Similar to the requirements outlined in the November 2000 Extension Order, applicants who wish to satisfy criteria (3) should submit documentation to the Administrator requesting relief on these grounds on or before the original non-recurring services deadline. The revised deadline will be calculated based on the date of the Administrator's decision relating to the explanation. For example, if an entity is awarded discounts for internal connections in Funding Year 4, and installation is delayed due to circumstances beyond its control, it will need to file with the Administrator an explanation and evidence of the delay on or before September 30, 2002. If the Administrator grants an extension before March 1, 2003, they will have until September 30, 2003 to complete installation.

Furthermore, we recognize that there may be a wide range of situations under criteria (3) in which an applicant through no fault of its own is unable to complete installation by the applicant's original September 30 implementation deadline. Circumstances beyond the service provider's control may include manufacturing delays and natural disasters. Commenters suggested that the Commission further clarify the type of events that may satisfy criteria (3). Because we are unable to anticipate every type of circumstance that may arise under criteria (3), we instead direct the Administrator to address such situations on a case by case basis, consistent with the reasoning set forth in this Report and Order.

With regard to criteria (4), applicants must certify to the Administrator that its service provider was unwilling to deliver or install non-recurring services before the expiration of the original non-recurring services installation deadline, because the Administrator had withheld payment for those services on a properly-submitted invoice for more than 60 days after the submission of the invoice. Applicants must make this certification on or before the original non-recurring services installation deadline. The revised implementation date will be calculated based on the date that the funds are released by the Administrator.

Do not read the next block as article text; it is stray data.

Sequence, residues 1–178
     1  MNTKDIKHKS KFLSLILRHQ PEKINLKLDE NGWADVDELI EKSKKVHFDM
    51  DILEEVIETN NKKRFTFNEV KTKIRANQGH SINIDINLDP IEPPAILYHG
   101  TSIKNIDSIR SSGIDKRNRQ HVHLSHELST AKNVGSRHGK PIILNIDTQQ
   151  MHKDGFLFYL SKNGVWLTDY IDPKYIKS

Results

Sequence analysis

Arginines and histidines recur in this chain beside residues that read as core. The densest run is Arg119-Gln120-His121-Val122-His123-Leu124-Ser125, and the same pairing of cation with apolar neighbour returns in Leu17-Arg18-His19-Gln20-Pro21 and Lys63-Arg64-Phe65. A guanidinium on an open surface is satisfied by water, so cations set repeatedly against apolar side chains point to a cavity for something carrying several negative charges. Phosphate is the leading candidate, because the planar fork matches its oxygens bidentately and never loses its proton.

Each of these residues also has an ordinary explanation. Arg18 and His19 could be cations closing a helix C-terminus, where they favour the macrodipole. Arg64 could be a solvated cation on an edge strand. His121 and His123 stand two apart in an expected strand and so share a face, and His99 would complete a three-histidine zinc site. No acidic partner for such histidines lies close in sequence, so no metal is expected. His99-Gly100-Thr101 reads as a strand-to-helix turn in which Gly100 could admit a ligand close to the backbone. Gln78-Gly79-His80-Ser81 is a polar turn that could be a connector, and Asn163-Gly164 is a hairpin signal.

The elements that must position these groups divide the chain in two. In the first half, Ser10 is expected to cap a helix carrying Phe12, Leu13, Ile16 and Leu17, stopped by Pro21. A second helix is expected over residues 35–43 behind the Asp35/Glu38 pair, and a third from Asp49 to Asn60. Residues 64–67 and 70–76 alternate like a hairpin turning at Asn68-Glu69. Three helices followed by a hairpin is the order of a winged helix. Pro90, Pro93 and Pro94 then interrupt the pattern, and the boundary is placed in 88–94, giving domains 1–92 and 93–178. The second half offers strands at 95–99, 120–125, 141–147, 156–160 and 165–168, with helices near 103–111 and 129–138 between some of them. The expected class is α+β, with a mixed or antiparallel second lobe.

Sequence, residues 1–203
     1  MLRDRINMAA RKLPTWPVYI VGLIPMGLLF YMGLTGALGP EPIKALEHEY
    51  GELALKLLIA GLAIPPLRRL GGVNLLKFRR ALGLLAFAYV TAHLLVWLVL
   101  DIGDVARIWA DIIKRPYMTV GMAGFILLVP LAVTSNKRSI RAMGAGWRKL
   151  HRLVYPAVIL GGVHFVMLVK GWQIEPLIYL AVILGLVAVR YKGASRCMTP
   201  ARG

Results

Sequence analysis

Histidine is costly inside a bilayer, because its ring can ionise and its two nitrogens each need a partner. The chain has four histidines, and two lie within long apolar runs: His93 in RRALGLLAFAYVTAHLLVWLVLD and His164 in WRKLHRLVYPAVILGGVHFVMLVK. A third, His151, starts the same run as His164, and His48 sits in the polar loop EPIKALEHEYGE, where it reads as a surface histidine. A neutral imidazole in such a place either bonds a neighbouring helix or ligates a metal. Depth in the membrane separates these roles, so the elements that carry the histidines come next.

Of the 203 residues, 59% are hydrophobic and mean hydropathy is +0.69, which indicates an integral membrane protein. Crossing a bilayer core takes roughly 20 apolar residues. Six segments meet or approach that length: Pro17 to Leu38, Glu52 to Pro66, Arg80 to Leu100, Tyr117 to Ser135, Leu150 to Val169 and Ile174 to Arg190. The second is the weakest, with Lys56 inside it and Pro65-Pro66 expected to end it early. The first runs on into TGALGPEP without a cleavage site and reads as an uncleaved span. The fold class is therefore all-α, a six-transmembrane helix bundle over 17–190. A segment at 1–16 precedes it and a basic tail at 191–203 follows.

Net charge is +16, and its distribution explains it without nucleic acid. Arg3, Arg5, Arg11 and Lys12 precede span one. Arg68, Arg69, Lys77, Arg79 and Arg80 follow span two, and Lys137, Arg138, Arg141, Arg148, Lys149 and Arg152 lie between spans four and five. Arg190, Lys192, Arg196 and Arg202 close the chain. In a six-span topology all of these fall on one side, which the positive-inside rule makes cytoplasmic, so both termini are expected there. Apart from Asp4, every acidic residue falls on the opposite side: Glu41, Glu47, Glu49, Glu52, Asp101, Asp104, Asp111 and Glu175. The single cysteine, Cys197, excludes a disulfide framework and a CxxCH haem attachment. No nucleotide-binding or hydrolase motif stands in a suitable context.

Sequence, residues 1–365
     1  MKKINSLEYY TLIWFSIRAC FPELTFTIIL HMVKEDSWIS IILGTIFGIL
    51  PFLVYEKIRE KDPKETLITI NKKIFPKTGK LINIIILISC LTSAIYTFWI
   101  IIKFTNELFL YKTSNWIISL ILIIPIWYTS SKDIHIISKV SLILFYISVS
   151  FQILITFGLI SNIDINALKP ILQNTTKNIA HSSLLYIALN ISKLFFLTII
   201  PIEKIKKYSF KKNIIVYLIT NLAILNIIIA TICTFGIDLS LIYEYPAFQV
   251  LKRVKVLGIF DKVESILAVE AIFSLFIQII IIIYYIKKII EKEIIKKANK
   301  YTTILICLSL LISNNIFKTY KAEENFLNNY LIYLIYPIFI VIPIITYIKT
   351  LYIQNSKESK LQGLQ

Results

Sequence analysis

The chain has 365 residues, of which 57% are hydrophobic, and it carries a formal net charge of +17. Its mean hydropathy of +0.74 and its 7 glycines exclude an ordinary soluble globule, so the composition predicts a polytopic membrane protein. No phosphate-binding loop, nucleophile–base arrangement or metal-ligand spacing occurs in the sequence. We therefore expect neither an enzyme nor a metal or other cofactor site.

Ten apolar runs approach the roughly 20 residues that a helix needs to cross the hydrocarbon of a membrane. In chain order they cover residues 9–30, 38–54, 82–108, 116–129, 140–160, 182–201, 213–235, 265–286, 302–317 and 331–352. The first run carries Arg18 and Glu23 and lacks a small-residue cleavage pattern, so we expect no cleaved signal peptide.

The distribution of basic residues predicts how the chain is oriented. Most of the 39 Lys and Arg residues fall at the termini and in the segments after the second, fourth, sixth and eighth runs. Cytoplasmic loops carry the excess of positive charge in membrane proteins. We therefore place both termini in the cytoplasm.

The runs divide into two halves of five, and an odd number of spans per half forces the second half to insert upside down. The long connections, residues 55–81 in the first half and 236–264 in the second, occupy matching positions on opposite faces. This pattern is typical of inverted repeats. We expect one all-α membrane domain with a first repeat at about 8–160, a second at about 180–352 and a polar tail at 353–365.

We conclude that a rule change will ensure schools and libraries are not penalized when they are not responsible for missing the installation deadline. Additionally, implementation of this policy will provide clarity to the Administrator and applicants by establishing a certain deadline for installation. Ultimately, this rule gives all schools and libraries the opportunity to schedule implementation of non-recurring services over the summer months.

3. Extension of Competitive Bidding Rules

In addition, we adopt a rule granting a limited extension of the Commission's competitive bidding rules for contracts for non-recurring services. Under this rule, contracts for non-recurring services may be voluntarily extended to coincide with the appropriate deadline for implementation. Parties may not, however, extend other contractual provisions beyond the dates established by the Commission's rules without complying with the competitive bidding process. This action will ensure equitable treatment for recipients of discounts for non-recurring services.